Among patients with metastatic colorectal cancer, muscle loss of 9% or greater during chemotherapy predicted significantly worse survival than did loss of less than 9%, independent of known prognostic covariates.

The proportion of patients with muscle loss of 9% or more (lowest tertile) who survived 6 months was 33%, compared with 69% for patients with less muscle loss (tertiles 2 and 3). The proportion of those who survived 1 year were 17% vs. 49% (log-rank P = .001). The association remained significant when adjusted for sex, age, baseline LDH concentration, comorbidity, mono-organ or multiorgan metastases, treatment line, and tumor progression (hazard ratio [HR], 4.47; 95% CI, 2.21 to 9.05; P less than .01).

“Muscle loss during chemotherapy was associated with worse overall survival, independent of important prognostic covariates. This is a new finding and raises the question whether interventions aimed at preservation of muscle mass during treatment are effective in improving outcome,” wrote Dr. Susanne Blauwhoff-Buskermolen of VU University Medical Center, Amsterdam, and colleagues (J Clin Oncol. 2016 Feb 22. doi: 10.1200/JCO.2015.63.6043).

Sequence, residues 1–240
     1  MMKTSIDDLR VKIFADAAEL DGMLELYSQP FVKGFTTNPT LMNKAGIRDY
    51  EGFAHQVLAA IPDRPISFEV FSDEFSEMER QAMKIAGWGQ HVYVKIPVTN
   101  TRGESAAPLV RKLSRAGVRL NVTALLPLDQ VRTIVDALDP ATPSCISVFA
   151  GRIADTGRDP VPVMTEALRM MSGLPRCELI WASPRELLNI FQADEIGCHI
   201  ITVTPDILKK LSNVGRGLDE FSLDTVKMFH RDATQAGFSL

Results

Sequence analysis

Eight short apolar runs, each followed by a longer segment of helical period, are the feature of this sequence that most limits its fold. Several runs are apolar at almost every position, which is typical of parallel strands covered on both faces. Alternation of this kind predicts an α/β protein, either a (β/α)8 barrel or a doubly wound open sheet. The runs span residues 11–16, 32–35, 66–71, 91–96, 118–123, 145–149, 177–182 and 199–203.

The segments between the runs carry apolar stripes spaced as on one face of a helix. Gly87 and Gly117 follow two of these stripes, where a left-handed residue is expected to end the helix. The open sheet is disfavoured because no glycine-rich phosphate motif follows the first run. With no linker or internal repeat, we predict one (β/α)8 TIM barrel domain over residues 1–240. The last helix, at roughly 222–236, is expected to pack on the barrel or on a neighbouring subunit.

Previous studies demonstrated that low muscle mass is associated with poor survival and greater treatment toxicity. The current study examined the effect of muscle mass change during chemotherapy. Low muscle density at baseline was significantly associated with shorter survival (HR, 2.38; 95% CI, 1.16 to 4.87; P = .018), but low skeletal muscle index was not.

The prospective study evaluated muscle mass change in 67 patients with mCRC via single computed tomography images of the abdominal region (L3). The mean age of patients was 66.4 years; 82% had multiorgan metastases, and 78% received first-line chemotherapy. At baseline, 55% of patients were overweight, 8% were obese, and 57% had low skeletal muscle index.

Toxicity-related treatment modifications occurred in 29 patients (43%), but in contrast to previous studies, no association was observed between change in muscle mass and treatment modification. Heterogeneity in treatment regimens represented (six in total) may account for the lack of association between muscle mass change and treatment modification.

Dr. Susanne Blauwhoff-Buskermolen reported having no disclosures. Several of her coauthors reported ties to industry.